FarmStockNY, LLC – FarmstockNY is a New York based vertical farm delivering locally grown, premium quality produce using only the best organic practices. We use substantially less resources and can produce 10 times more yield (utilizing patented growing towers) than traditional farming methods. With our proprietary greenhouse and business model we can offer a large array of produce in an ecologically and economically sustainable way at very competitive prices.

EndoBiome – Current agricultural practices will be challenged to safely meet the nutritional needs of future populations. EndoBiome was founded to to tap the diversity of the plant microbiome to produce microbial products that increase agriculture. yield and sustainability. Endobiome is differentiated by a proprietary isolation process that yields beneficial microbes and a high-throughput bioassay to identify microbial products that improve root systems.

FarmShots, LLC – FarmShots automates the detection of diseases, pests, and poor plant nutrition on farms. We’ve grown rapidly over the past two years- scaling from small farms to more than 300,000 acres across the United States. We’re excited to be changing the face of agriculture as we know it.

Farb Guidance Systems – Formed with the purpose of developing, manufacturing, and marketing the next generation of machine guidance technology for agriculture: agricultural machinery that drives itself and can be guided and controlled from anywhere in the world. The technology, in conjunction with the equipment, will increase production and profits, decrease accidents, and help develop regions of the planet un-farmable today.

Video of the Week

What do you know that no one else understands? – Peter Thiel


“Try your hardest to combat atrophy and routine. To question the obvious and the given is an essential element of the maxim ‘de omnius dubitandum’ [All is to be doubted].”
~ Christopher Hitchens, Letters to a Young Contrarian

Contrarian Agriculture

          Opposite in nature, direction, or meaning.

The entrepreneurial paths with the most upside potential are those that are new and untried.  Identifying those paths comes, at least in part, from the way the entrepreneur looks at and interacts with the world around him or her.  While pleasing other people is not a bad habit, agreeing too quickly with others on the way the world works today dampens one’s ability to identify interesting opportunities.

In addition, being willing to try new things that may invite questions or even ridicule.  It is difficult if professional acquaintances  have doubts about something you’re working on, but how much harder is it if the doubts come from family and friends?  Courage is a great word for behavior in extreme circumstances, but what about behavior in more day-to-day circumstances?

My contention is that entrepreneurs find ways to be contrarian.  In doing so they uncover ideas, pathways, and ultimately businesses that are trail-blazing.  Peter Thiel gets at this in interviews and his book Zero to One by asking ‘what truth do few people agree with you on?’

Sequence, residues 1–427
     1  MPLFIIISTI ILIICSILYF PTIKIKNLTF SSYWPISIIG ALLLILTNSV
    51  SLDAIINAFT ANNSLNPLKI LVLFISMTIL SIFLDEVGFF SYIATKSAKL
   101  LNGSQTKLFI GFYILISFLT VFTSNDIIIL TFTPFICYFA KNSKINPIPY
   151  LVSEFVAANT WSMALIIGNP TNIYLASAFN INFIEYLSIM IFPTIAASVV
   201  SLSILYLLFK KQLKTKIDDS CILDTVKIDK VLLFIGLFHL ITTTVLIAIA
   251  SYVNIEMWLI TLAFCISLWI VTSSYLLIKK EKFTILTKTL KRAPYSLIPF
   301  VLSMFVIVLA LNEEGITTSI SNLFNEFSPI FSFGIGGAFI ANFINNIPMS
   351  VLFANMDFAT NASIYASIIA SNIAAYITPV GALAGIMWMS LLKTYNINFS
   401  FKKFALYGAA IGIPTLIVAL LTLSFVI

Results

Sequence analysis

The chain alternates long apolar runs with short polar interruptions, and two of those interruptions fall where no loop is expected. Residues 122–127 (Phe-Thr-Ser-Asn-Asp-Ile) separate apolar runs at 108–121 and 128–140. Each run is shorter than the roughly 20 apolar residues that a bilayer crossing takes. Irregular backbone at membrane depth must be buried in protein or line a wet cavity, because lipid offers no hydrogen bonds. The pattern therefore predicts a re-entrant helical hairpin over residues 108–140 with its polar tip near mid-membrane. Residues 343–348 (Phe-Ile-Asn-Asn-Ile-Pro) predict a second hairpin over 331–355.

One method I suggest to students for putting your inner contrarian to work is to capture it in a persona.  In my case, I envision a neighbor of my grandfather named Vladi.  Vlcdi was dead before I was even born, but I still recall Grandpa’s tales about the sheer orneriness of Vladi, and some of the funny reactions to his behaviors.  So my inner contrarian takes the form in my mind of a German-accented farmer in 1930s bib overalls growling disagreement at those people and situations he encounters, just for the amusement of it really.

Another means of honing your contrarian skills is to examine bits of conventional wisdom and where you may differ from it.  Conventional wisdom is the body of ideas or explanations generally accepted as true by the public or by experts in a field.

Conventional wisdom, to be fair, is conventional because it has some element of truth.  Thinking in a contrarian way about it, therefore, is more an exercise in critical thinking and reasoning than in mere disagreement.

Five examples of what may be taken as conventional wisdom about entrepreneurship includes the following.

  1. Successful entrepreneurs love big risks.
  2. A well-written business plan is the first outcome of the entrepreneur who is starting a new business.
  3. Marketing of a new product trumps the actual functionality of the product itself.
  4. The past experience of an entrepreneur is the best predictor of whether his or her startup will succeed.
  5. Breakthrough, disruptive, innovative new products and services are usually completely new to the world and can be patented.

What does your inner (or outer!) contrarian tell you about any one of these five examples of conventional wisdom about entrepreneurship?  Reply to this post.  In addition, reply not only to this post but to those of other respondents.  Do you disagree with any of these examples of conventional wisdom?

Unleash your inner contrarian!

Article of the Day

The 10 Rules For Successful Entrepreneurs – Forbes

Economics aside, this is what underpins entrepreneurship for me: freedom, independence and the ability to choose.

~ Luke Johnson at the UK launch of Global Entrepreneurship Week, 2013

Entrepreneurship. So What?